More trailers are likely to be added to Dunwoody High School next year to handle the ongoing overcrowding, according to a DeKalb County Schools official.

DeKalb Schools officials Dan Drake, left, and Richard Boyd answer questions about school construction projects from the Dunwoody City Council at its July 22 meeting. (Dyana Bagby)

Dan Drake, interim chief operations officer for the DeKalb County School District, told the Dunwoody City Council July 22 that he expects more trailers will be added to the high school next year. He said he did not know how many new trailers would be added.

The news comes after DeKalb Schools added two new portable quads, totaling eight classrooms, to DHS earlier this month. The City Council also learned construction of the DHS quads won’t be finished until Aug. 19, two weeks after school begins on Aug. 5.

Drake and Richard Boyd, director of design and construction at DeKalb Schools, attended the City Council meeting to give an update on school construction projects, including the new Austin Elementary School which is 80 percent completed and within its nearly $23 million budget, they said. The school is expected to open in January.

The council requested Drake and Boyd’s appearance following community uproar against the addition of the portable quads at the high school over the Fourth of July holiday week that city officials said they were unaware was going to happen. A stop-work order was issued by the city because DeKalb Schools was building the trailers without the proper permit; construction started back up a day later after the proper permit was obtained.

Six single-wide trailers and one restroom trailer are also being added to Dunwoody Elementary School and are expected to be finished by Aug. 2, days before school starts.

Overcrowding has been an ongoing issue at all of Dunwoody’s schools and students continue to be taught in trailers that are parked outside the main school buildings. Dunwoody parents and residents have been locked in a years-long battle with DeKalb Schools officials over school conditions, especially criticizing the use of trailers as the solution for schools being over capacity.

North DeKalb schools in particular are overcrowded, Drake said, while other areas of the county have the opposite problem.

“I implore you to come up with out-of-the box solutions,” Councilmember Lynn Deutsch told Drake and Boyd. “Trailers are the last resort, not the first resort … this time next year we can’t be having this same discussion.”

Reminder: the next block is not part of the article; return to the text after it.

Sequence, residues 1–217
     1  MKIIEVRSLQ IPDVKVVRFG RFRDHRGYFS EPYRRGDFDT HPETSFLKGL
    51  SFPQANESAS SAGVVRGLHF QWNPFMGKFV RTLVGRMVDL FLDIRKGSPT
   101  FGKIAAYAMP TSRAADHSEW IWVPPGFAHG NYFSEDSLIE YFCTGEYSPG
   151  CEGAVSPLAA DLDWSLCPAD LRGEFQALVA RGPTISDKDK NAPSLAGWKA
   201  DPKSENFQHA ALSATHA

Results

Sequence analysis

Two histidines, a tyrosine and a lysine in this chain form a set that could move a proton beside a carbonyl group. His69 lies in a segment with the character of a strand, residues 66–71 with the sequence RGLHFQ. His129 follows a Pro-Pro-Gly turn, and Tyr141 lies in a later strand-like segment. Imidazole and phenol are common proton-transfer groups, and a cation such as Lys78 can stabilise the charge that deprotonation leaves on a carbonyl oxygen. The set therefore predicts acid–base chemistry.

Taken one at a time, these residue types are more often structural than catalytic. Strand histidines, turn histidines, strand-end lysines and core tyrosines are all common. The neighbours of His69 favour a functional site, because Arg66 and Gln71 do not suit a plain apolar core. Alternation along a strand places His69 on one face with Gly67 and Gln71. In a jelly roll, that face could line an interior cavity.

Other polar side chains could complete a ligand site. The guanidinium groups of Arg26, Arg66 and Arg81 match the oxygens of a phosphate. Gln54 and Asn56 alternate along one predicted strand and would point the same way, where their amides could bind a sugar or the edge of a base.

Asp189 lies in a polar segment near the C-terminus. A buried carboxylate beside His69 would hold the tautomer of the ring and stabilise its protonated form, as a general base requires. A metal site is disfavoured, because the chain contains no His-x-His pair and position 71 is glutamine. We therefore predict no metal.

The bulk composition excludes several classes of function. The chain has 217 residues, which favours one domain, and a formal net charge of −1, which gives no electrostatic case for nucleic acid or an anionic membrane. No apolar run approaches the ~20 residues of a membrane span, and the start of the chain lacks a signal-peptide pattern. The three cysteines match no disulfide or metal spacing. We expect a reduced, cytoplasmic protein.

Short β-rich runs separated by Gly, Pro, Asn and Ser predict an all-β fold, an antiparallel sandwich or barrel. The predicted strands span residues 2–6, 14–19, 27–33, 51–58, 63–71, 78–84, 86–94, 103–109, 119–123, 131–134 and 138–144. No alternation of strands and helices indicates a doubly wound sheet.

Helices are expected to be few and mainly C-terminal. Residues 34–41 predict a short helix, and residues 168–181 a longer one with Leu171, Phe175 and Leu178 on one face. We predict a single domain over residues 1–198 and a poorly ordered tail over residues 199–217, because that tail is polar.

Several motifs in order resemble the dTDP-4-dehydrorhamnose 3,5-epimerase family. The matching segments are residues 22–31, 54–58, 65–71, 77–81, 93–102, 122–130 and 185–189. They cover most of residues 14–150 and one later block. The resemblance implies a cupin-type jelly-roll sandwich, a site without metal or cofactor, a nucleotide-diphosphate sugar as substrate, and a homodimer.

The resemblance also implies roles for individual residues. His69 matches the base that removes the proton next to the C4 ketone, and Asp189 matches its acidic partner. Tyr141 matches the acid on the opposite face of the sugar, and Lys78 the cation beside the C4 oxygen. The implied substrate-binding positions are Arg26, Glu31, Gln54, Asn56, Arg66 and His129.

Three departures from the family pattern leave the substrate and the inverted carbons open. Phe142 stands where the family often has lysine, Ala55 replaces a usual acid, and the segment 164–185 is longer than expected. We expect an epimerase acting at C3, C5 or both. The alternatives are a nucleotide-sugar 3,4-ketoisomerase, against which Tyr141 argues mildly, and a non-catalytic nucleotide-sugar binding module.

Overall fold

DeKalb Schools Board of Education member Stan Jester, a Dunwoody resident attending the council meeting, was asked by Deutsch if the board could discuss other ways to address overcrowding in north DeKalb other than the  adding trailers.

Jester said the majority of the board is “looking for equity” and opposes finding different solutions for various parts of the county. He added that he does not see any answer to overcrowding at Dunwoody schools other than redistricting.

Drake explained that the district is facing construction costs exceeding the approximate $561 million in ESPLOST funding approved by voters in 2016 due to significant increases in construction costs.

DHS currently has a $27.2 million budget from ESPLOST to cover costs for a 41-classroom addition, expanding core spaces such as the cafeteria and for more parking.

The DHS additions are currently in the design phase and tentatively expected to be completed in November 2022.

At Peachtree Charter Middle School, an 18-classroom addition is planned with a proposed $11.9 million budget and currently is expected to be finished in 2023.

Plans are to gain public input in August and September on what projects may have to be cut or delayed due to the financial constraints. For example, turf fields at DHS and all DeKalb high schools would likely be cut from current plans due to lack of ESPLOST funds, Drake explained.

An option the DeKalb Board of Education is considering is asking voters to approve a referendum next year to issue up to $250 million in general obligation bonds that could cover the gap between the construction costs and available ESPLOST funding, Drake said.

If a GO bond is approved, that new revenue could be used to pay for the turf field at the DHS, Drake said.

GO bond money could also pay to build a $34 million, 900-seat elementary school at a site to be determined, but school officials have said the school would be built in the Dunwoody/Chamblee cluster.

Mayor Denis Shortal said that school tax revenue from Dunwoody is double that of anywhere else in the county based on population.

“That’s OK with me. We’ll pay our share, more than our share … but we’d really like to have a few things in return,” he said.

Councilmember Terry Nall asked about student safety and was assured by Drake that students and staff are safe in the school district’s facilities and that safety is the top priority for the school administration.

“If you haven’t picked up anything else tonight, you’re in Dunwoody and here we believe the overcrowding and quality of facilities is a top priority for our community,” Nall said.

The Power Point presentation provided to the Dunwoody City Council:

This story has been updated with the DeKalb Schools presentation.

Dyana Bagby

Dyana Bagby is a staff writer for Reporter Newspapers and Atlanta Intown.